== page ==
Documentary on the Friedmans, a seemingly typical, upper-middleclass Jewish family whose world is instantly transformed when the father and his youngest son are arrested and charged with shocking and horrible crimes.
It seems those few critics and IMDB (and Amazon) reviewers who criticized it--occasionally while still giving it a favorable mark--are intent on complaining about what the movie ISN'T rather than what it is. Sure, the fictionalized shots of guys getting the book in the mail, etc., violate The Great Ethics of Documentary Films brought down from Sinai by Moses. (You know, Thou Shalt Not Recreate). And, yes, he does meander a bit and delay the pay off, but...so what?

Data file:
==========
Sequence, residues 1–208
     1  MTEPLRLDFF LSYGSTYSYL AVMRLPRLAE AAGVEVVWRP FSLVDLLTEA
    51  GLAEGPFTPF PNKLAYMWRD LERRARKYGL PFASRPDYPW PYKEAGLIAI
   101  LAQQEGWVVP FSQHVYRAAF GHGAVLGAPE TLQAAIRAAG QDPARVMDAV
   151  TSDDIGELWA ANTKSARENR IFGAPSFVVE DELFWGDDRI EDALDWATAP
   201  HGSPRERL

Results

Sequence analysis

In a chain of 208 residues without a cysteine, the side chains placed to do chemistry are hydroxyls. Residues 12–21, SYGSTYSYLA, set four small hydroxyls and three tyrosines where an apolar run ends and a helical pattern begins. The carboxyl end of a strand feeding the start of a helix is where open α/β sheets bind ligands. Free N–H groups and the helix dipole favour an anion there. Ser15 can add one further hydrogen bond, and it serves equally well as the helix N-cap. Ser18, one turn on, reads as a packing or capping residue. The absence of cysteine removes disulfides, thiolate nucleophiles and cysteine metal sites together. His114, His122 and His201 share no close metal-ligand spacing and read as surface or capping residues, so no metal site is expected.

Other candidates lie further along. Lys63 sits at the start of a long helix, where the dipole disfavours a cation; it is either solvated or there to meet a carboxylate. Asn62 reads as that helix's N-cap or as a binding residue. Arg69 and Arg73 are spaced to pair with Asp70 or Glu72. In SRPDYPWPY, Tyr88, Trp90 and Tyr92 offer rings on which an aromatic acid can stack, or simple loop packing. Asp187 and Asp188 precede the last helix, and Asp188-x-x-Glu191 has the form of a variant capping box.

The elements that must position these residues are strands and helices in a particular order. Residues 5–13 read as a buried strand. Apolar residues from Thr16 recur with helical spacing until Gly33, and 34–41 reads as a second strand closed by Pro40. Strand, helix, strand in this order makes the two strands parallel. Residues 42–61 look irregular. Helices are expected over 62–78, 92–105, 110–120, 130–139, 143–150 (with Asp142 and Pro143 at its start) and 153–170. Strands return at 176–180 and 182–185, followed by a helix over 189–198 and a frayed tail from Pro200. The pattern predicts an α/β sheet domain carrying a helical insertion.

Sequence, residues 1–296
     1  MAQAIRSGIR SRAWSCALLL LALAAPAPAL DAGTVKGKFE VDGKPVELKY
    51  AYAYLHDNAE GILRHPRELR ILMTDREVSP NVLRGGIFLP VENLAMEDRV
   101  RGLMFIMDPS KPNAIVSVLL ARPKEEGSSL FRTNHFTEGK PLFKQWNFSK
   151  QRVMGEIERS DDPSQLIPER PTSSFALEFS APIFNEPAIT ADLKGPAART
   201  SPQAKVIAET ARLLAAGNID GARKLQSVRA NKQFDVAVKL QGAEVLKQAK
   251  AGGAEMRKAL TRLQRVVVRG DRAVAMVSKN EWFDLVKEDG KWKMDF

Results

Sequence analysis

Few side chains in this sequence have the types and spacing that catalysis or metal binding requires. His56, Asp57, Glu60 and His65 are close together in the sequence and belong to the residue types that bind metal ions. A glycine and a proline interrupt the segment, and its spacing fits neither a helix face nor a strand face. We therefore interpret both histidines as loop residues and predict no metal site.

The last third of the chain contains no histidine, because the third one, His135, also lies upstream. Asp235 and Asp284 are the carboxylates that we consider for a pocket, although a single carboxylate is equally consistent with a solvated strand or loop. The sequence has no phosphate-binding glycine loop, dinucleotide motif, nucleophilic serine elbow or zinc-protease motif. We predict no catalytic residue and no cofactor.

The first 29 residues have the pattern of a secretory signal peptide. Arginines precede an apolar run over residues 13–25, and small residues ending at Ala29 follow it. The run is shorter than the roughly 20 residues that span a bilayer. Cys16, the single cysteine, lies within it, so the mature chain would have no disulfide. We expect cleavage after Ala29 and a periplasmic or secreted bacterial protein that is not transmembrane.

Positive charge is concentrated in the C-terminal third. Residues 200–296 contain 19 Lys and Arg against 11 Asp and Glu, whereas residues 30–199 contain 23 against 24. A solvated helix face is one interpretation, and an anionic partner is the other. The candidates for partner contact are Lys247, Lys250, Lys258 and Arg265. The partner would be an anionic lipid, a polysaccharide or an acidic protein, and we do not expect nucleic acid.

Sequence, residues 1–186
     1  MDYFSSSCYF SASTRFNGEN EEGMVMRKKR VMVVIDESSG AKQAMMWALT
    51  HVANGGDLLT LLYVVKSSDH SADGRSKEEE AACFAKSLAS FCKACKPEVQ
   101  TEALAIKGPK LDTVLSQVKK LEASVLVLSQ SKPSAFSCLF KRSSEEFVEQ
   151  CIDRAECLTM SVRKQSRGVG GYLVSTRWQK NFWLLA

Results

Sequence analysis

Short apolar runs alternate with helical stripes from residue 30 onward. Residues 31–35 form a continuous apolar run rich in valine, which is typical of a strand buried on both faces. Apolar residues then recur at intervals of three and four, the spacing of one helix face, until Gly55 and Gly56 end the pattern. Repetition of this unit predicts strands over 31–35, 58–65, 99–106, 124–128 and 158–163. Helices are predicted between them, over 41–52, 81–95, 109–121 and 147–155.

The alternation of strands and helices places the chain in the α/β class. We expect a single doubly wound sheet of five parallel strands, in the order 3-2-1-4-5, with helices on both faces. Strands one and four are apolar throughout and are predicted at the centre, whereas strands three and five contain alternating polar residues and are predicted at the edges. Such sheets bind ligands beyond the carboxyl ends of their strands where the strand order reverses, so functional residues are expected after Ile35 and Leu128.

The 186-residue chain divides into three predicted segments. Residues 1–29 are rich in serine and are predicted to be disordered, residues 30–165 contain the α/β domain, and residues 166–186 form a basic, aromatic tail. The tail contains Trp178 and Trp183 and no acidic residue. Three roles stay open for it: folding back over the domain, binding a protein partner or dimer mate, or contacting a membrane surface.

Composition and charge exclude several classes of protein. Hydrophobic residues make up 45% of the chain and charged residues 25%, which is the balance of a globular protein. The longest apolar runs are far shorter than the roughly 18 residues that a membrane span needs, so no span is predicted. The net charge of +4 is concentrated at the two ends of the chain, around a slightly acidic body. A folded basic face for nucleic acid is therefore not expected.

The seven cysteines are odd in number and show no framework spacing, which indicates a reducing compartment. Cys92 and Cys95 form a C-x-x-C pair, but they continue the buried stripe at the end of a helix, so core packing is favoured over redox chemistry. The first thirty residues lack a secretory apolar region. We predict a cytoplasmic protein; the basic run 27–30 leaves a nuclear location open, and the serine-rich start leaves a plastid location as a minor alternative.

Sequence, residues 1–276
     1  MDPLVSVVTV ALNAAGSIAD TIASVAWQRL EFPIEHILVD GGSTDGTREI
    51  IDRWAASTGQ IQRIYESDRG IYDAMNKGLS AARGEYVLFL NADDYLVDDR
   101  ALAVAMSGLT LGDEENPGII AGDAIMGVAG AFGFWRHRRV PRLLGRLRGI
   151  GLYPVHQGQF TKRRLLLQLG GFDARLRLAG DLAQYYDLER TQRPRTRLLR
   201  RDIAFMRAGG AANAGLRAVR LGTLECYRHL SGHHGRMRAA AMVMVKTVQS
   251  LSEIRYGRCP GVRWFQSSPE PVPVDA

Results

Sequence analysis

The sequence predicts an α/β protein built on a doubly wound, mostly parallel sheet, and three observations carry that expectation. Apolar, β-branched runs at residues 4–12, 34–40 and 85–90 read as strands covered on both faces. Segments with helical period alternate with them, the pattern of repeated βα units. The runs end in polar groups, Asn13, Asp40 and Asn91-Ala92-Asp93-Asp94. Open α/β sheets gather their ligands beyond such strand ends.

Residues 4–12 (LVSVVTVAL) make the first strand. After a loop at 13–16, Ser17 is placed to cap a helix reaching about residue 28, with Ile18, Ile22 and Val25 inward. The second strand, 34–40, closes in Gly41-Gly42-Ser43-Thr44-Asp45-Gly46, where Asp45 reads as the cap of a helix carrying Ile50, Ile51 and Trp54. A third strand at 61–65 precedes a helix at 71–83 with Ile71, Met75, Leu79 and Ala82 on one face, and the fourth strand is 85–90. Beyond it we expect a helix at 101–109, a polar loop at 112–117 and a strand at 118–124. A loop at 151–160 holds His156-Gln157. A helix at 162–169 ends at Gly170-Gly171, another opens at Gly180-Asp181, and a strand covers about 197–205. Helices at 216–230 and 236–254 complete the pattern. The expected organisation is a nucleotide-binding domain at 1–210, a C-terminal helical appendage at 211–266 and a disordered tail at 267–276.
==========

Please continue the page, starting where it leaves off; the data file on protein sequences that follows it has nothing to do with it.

This is more a conversation about books than a movie in any conventional sense. Complaints that some many interviews don't move him towards the goal of finding Dow Mossman miss the point that the interviews are themselves interesting conversations about the love of good books. Visiting Sealy (the NY Times reviewer who inspired him to read the book) doesn't solve anything--but who wouldn't want to hang around with him a couple of days discussing great reads? Of course, when he finds Dow, what do they do? They immediately talk about books! Love of books permeates everything here, most poignantly and surprisingly in the clearly emotional response the agent Carl Brandt has to being reminded of what he considers a great book and reflecting on a missed career.
Let's put it this way: if you love books, if you love talking about novels, if you get a thrill of excitement when you over hear a conversation about a book you love, then you will enjoy The Stone Reader. It is not conventionally well made, but thank heavens for that. It could be "better", but I doubt it could be more enjoyable.
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